What's the secret to high performing teams?
In my work as an executive coach and mentor, people often ask me what they can do to build and be part of high performing teams.
They are great questions and ones that have inspired the second edition of my leadership book, The Focused Executive, which has just been released.
The simple truth is that the single most important factor in creating and maintaining high performing teams is relationships.
In The Focused Executive, I refer to this as ‘synergising’ and have devoted a new chapter to it given the increased need for high performing teams in this fast-paced, post-GFC environment.
High performing teams are aligned on the business strategy, have complimentary skills, and share a common purpose, commitment and accountability.
It’s well documented that such teams build, lift and grow an organisation to possibilities no individual could achieve on their own. They create opportunities, ideas and provide the ideal state for growth.
Yet high performing teams – and organisations actively engaged in building this capability – remain relatively rare.
Over the past year we have worked with teams and team members from a number of organisations who recognised this need and who sought our help to find ways to be more collaborative and cohesive. This is always challenging work. Building trust and empathy takes time as each individual brings their own passion, emotion and reactions to working in a group.
The team leader needs to understand the drivers and motivations behind each team member’s behaviour, and inspire them to support each other through adversity as well as success.
I recently had the good fortune to attend the World Business Forum in Sydney and the standout theme was the pace of change. Leader after leader commented on the velocity of change, the view that change is here to stay and will only get faster, continued post-GFC uncertainty, and changes taking place across industries and organisational structures.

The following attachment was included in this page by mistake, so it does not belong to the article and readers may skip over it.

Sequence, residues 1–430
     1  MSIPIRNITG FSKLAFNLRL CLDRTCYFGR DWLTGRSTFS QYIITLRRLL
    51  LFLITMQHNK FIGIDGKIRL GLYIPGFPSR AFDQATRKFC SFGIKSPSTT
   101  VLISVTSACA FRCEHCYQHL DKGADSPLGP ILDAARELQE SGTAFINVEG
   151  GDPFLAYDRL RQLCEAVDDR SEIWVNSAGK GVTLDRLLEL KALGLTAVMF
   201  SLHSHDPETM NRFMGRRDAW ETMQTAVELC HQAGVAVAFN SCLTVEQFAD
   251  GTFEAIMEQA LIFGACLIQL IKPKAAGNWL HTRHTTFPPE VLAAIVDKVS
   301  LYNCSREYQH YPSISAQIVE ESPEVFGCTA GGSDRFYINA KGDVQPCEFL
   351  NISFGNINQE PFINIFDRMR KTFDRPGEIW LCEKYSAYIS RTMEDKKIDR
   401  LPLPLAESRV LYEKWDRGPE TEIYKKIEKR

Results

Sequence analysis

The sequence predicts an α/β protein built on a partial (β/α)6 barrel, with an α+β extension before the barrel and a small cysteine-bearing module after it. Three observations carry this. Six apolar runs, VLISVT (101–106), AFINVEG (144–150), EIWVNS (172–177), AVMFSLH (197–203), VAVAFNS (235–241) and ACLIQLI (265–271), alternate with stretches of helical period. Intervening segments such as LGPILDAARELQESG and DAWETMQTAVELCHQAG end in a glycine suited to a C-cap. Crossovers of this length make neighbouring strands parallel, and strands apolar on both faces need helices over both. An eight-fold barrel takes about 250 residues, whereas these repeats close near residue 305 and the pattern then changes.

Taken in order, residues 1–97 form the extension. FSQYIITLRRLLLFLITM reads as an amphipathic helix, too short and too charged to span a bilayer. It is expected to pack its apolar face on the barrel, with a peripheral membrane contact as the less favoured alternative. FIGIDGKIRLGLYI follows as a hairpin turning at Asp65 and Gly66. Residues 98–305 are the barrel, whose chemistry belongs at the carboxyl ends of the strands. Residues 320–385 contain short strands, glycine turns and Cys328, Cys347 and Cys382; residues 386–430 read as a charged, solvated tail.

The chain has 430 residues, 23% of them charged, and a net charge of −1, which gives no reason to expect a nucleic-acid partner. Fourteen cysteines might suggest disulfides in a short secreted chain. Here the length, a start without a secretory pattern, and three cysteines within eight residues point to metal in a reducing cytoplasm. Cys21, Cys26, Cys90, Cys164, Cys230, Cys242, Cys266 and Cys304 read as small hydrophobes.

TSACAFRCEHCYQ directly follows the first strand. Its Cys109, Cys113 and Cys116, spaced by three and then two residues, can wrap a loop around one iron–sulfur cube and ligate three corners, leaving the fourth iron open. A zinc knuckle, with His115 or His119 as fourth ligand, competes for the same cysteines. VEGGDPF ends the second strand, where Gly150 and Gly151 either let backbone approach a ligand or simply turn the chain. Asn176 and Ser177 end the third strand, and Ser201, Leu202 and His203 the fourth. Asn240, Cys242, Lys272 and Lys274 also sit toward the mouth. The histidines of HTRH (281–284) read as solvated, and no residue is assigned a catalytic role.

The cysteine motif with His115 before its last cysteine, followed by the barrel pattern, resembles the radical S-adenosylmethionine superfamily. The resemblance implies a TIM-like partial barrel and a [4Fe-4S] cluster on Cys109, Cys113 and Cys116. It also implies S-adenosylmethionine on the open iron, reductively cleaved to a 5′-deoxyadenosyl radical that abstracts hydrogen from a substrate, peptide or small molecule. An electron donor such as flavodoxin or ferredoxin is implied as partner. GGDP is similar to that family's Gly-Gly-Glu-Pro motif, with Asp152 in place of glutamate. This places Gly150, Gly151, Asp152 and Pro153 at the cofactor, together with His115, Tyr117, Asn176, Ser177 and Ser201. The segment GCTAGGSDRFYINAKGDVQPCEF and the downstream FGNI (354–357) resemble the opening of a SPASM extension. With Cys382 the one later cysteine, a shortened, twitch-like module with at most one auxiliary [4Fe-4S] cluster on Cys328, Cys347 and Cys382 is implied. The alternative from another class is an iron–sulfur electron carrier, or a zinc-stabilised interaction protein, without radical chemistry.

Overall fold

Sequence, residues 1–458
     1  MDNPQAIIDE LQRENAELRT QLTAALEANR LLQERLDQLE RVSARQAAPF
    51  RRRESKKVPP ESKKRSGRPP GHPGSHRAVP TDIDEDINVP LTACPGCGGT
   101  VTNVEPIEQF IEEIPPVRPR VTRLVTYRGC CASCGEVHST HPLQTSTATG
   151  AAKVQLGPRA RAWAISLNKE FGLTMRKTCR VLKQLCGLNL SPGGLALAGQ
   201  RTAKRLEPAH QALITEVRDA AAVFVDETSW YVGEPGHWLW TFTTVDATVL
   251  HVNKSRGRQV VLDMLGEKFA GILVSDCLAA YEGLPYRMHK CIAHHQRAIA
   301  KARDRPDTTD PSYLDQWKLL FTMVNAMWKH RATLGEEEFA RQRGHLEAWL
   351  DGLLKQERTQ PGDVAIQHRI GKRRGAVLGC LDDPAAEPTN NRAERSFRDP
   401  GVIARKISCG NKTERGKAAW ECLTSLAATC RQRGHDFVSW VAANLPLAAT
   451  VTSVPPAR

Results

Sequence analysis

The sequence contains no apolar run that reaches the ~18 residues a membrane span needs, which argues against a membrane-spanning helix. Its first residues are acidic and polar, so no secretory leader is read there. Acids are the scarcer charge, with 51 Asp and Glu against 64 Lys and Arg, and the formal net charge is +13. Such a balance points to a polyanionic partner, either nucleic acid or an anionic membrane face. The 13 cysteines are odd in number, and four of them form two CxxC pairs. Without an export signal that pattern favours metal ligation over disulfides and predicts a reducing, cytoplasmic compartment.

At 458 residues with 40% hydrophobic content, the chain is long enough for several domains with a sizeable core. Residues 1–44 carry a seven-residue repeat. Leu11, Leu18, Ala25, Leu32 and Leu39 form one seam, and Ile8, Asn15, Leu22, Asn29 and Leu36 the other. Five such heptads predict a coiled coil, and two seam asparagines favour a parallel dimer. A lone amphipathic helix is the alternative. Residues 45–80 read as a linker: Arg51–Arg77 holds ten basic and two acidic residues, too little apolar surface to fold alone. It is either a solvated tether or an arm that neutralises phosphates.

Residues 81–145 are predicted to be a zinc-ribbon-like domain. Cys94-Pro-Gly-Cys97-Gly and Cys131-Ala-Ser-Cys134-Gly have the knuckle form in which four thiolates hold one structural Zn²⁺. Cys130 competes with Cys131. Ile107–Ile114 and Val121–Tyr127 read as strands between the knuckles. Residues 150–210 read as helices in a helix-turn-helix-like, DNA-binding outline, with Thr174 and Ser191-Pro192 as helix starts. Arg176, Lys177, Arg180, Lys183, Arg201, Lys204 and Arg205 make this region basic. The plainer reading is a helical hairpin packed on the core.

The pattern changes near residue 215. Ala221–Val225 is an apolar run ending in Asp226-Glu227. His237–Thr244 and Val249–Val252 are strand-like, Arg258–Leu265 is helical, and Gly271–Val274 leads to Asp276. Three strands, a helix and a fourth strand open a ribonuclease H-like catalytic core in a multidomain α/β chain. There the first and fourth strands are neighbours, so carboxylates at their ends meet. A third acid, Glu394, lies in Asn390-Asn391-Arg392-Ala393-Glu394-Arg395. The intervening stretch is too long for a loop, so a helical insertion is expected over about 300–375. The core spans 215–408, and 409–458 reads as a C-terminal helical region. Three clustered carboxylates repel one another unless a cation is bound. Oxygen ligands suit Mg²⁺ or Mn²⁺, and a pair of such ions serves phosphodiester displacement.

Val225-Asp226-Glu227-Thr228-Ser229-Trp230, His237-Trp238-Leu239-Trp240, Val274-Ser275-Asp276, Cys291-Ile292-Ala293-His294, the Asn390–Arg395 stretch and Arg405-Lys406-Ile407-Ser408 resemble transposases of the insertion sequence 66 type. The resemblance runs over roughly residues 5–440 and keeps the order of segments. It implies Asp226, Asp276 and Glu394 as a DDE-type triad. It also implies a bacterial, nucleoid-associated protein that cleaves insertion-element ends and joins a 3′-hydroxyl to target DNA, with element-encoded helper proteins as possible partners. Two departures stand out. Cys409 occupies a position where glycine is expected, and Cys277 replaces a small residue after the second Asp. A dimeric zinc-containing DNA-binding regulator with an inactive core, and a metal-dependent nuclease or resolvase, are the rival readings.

The global head of Saatchi and Saatchi, Kevin Roberts, spoke of removing hierarchies and job descriptions and giving people exciting opportunities to increase engagement. He said we need to move into a world of ideas where we listen to our people, assess, decide and execute, and that engagement comes from bringing your passion to work.
Applying this view to synergising and working in teams, our teams and organisational structures should eschew hierarchy and instead focus on enabling human beings to do their best work.
We should role model the behaviour we want to see in our teams, and ensure the team functions to create a secure base for ourselves, our peers, our managers and our direct reports. This may mean dispelling myths about what makes a great team leader, such as the myth that conflict should be avoided and all team members should always simply get along well.
In fact, the most effective teams include members with a broad range of operating styles and are not afraid to challenge each other. The difference is that it is done with respect and active listening, enabling different viewpoints to be heard. High performing teams recognise it is better to have these debates before committing to a course of action.
Stephenson Mansell Group